‘Ambitious’ Pentagon Aims to Rival CIA’s Spy Network

Another Leviathan Predicts Massive Growth

Founded in 1961, the Defense Intelligence Agency (DIA) has gotten bigger and bigger over time, with a focus principally on whatever wars the US happens to be fighting at the time, and the ones they might be fighting soon.

That seems laughably simplistic to the modern Pentagon, because of course the US is fighting across the entire planet, all the time, and near as anyone can tell forever. With that new global theater of operation in mind, Pentagon planners are seeking a massive increase in size for the DIA.

“The is a major adjustment for national security,” noted DIA director Lt. Gen. Michael Flynn, and indeed the indications are that the long term goal is to make the DIA rival the size and scope of the CIA.

With the CIA well into a plan to downplay the whole “espionage” thing in favor of assassinations, moving into the Pentagon’s turf of killing people abroad, it was perhaps inevitable that the Pentagon would respond by encroaching on CIA territory. In the end, this sort of “competition” could continue for quite some time, since both CIA and Pentagon can rely on massive budgets for the foreseeable future.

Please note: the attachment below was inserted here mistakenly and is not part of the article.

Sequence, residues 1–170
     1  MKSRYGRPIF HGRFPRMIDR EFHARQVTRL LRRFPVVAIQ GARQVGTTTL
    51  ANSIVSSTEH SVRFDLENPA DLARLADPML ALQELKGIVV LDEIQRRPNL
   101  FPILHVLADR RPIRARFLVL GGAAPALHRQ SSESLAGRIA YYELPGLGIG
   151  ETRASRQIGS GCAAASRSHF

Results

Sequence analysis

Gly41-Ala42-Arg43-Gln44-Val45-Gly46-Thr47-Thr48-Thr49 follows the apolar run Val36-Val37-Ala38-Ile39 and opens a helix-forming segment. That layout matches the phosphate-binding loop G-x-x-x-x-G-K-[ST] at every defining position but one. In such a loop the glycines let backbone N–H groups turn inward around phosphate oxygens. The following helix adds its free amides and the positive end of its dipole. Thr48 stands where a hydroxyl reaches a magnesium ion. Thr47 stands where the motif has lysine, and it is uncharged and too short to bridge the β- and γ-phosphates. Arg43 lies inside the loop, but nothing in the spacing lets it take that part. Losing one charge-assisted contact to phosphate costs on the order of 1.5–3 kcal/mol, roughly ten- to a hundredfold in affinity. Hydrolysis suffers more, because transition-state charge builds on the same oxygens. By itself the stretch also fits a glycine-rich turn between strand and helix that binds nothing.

Author: Jason Ditz

Jason Ditz is Senior Editor for Antiwar.com. He has 20 years of experience in foreign policy research and his work has appeared in The American Conservative, Responsible Statecraft, Forbes, Toronto Star, Minneapolis Star-Tribune, Providence Journal, Washington Times, and the Detroit Free Press.